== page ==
Vol XIl, Issue 43 TNG/CWA Local 31041 Sept. 21, 2001

Federal Court Orders Arbitration of Dues Case

NLRB set to issue new charges against Journal
February hearing date eyed

The Guild has been notified that the National Labor Relation Board has authorized about a dozen new unfair labor practice charges against the Journal, including two related to the withdrawal of a proposed wage increase for the year 2000.

The new charges mean the Journal will be accused of about 50 violations of U.S. labor law.

But, not all the news from the NLRB has been positive. The Guild has also been notified that the NLRB hearing currently set for October will be postponed. A February hearing date is now being discussed.

The delay is the result of the medical condition of the NLRB attorney scheduled to prosecute the Journal. The Guild objected to the postponement, asking that a new attorney be assigned, but the request was denied.

The hearing date and the precise wording of the new charges may not be known until the end of the month, when a revised "complaint" is issued. A complaint is the formal statement of the charges, similar to an indictment.

The biggest of the new charges deals with the Journal withdrawal of a proposed 3 percent wage increase for the year 2000. This amounted to illegal retrogressive bargaining, according to the NLRB.

Other issues to be contained in the charges include:

  • The refusal to bargain and unilateral imposition of a requirement that porters be required to water and care for plants. (Journal managers attempted to ridicule the Guild for raising this issue.)

  • The Company's refusal to pay overtime to Sports Department employees who were required to attend a meeting outside of their scheduled hours.

  • The Company's refusal to apply the terms of the contract to employees working in Guild jobs on a temporary basis.

  • The Company's refusal to recognize the Guild as the bargaining representative for employees working in Guild jobs on a temporary basis.

  • The Company's refusal to allow a reporter union assistance in resolving a dispute over her working conditions.

  • The refusal to negotiate over changes in a reporter's working conditions that were necessary because of a medical disability.

  • The unilateral restriction of a reporter with a medical disability to assignments in Providence.

  • The unilateral discontinuation of posting security guards in the Journal's lobby.

  • The unilateral discontinuation of small-grid payments to news department employees.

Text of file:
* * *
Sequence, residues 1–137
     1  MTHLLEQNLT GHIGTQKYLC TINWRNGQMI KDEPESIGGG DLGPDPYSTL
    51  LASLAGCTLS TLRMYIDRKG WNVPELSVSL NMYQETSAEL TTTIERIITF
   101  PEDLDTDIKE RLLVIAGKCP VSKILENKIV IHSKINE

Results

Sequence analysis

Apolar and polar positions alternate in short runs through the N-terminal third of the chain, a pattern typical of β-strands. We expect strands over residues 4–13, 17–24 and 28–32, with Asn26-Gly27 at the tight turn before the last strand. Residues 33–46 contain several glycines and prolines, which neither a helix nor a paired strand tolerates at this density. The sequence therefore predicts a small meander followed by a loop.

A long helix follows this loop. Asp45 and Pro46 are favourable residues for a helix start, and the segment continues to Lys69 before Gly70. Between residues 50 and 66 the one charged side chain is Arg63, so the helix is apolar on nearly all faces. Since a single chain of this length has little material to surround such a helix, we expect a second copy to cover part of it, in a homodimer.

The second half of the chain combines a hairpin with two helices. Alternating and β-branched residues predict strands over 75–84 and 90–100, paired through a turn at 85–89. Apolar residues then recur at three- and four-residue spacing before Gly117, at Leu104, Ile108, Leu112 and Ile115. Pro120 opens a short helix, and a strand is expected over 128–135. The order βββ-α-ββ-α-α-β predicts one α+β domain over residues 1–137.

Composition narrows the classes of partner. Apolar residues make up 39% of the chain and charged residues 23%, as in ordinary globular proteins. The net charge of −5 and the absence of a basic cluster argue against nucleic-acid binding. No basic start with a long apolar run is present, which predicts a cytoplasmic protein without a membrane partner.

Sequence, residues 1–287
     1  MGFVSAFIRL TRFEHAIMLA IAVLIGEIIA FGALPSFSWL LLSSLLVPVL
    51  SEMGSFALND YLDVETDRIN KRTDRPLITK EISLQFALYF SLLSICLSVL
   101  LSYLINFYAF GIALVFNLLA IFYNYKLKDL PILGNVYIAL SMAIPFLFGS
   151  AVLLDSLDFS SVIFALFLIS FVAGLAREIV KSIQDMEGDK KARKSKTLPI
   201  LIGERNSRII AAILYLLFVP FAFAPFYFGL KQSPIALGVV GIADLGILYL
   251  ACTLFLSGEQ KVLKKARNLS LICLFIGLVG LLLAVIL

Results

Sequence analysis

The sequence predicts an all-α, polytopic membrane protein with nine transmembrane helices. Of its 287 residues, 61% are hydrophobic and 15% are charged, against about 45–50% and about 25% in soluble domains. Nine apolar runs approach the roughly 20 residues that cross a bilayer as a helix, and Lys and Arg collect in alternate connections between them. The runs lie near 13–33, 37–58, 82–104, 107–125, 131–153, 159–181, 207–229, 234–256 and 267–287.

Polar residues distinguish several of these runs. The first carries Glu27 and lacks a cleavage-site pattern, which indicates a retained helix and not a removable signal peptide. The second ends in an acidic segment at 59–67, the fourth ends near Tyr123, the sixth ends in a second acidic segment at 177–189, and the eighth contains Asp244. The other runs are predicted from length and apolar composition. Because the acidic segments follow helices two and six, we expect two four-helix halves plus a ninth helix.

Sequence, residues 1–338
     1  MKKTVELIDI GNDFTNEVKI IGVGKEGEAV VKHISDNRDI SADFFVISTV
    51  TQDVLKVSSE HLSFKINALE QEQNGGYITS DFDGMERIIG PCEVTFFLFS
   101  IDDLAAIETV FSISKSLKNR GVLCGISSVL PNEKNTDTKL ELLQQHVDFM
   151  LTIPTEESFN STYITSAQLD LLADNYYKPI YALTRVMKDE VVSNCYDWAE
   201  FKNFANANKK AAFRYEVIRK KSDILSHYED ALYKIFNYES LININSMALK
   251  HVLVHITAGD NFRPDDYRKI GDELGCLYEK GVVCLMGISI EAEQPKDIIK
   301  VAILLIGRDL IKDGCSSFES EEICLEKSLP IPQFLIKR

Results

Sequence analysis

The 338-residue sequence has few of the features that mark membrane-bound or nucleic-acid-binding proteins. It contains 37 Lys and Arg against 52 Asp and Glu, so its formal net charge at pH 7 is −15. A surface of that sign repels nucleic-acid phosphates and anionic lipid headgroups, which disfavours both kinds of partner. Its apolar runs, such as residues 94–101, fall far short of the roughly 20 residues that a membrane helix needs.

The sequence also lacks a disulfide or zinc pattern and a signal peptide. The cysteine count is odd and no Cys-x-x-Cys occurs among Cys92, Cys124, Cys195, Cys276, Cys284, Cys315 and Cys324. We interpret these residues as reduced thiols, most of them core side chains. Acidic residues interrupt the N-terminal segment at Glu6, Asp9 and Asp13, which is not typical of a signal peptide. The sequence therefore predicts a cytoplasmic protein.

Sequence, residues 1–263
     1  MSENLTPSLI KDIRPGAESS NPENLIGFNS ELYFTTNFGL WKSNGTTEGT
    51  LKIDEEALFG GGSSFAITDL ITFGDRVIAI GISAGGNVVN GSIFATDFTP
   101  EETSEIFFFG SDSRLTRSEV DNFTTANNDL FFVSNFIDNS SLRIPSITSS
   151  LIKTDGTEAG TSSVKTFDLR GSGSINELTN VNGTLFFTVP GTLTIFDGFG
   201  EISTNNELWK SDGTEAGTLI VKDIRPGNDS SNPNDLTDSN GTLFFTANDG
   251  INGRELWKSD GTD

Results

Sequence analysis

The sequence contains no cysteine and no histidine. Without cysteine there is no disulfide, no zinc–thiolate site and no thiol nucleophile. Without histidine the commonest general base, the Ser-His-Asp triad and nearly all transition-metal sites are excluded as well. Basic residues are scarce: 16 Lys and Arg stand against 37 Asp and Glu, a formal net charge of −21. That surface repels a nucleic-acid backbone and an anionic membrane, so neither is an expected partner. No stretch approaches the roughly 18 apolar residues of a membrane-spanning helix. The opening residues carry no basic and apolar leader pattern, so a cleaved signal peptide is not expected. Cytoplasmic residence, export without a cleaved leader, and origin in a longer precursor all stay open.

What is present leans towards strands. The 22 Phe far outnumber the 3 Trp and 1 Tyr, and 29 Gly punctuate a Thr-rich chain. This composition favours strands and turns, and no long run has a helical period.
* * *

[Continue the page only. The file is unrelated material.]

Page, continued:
• The unilateral modification of the Chips Quinn intern program.

Judge also rules contract clause requiring dues payments is still in effect

U.S. District Court Judge Mary Lisi has ordered arbitration of a grievance over the newspaper's cancellation of payroll dues collection, and company claims that dues payment are now optional.

The decision deals a blow to the Journal's attempts to financially strangle the Guild. In February 2000, the Journal stopped payroll deduction of dues and began a campaign of expensive litigation, including this lawsuit.

The Guild has hand-collected dues, sending out monthly bills and permitting credit-card payments. The national union -- The Newspaper Guild/
Communications Workers of America -- is picking up all the local's legal bills.

The company claimed that dues checkoff, union security and arbitration all expired with the contract.

Dues checkoff is the provision permitting payroll deduction of union dues. Union security is the provision that requires employees to pay union dues as a condition of employment.

The Guild pointed to a 1977 U.S. Supreme Court ruling that a grievance is arbitrable even when it arises after the termination of the contract, as long as the grievance was based on a right that arguably accrued prior to contract termination.

Judge Lisi agreed with the Guild, stating:

"The language of this (contract) section explicitly provides that a dues checkoff authorization will survive the expiration of the Contract unless revoked by the employee."

The Judge also said:

"This court finds that, by express contract language, the parties extended the operative term of the union security provision beyond the expiration of the Contracts and through the expiration of successor agreements which have yet to be negotiated and executed by the parties."

The next step for the Guild is to proceed with the arbitration hearing, where an arbitrator will be asked to decide if the company's actions violated the contract and determine the nature of the remedy.

The company has the right to appeal Judge Lisi's decision to the U.S. Court of Appeals in Boston.

Another case, involving an arbitrator's decision that the company improperly denied parking to employees is currently pending before the Court of Appeals.

These unusual lawsuits also belie the company's professed aversion to fighting things out in court.

In his March 7, 2000 letter to union members, Mark T. Ryan, a company senior vice president, stated that the company had proposed settling grievances because "we prefer to negotiate rather than litigate."

But the company is abusing the legal process.

It violated the contract when it cut off dues and denied parking, but when it lost the parking case it ran to a judge. And, when challenged on the checkoff termination, it again ran to a judge -- in an unsuccessful attempt to prevent resolution of the dispute.

Copyright © 2000 The Providence Newspaper Guild
TNG/CWA Local 31041
270 Westmister St., Providence, Rhode Island 02903
401-421-9466 | Fax: 401-421-9495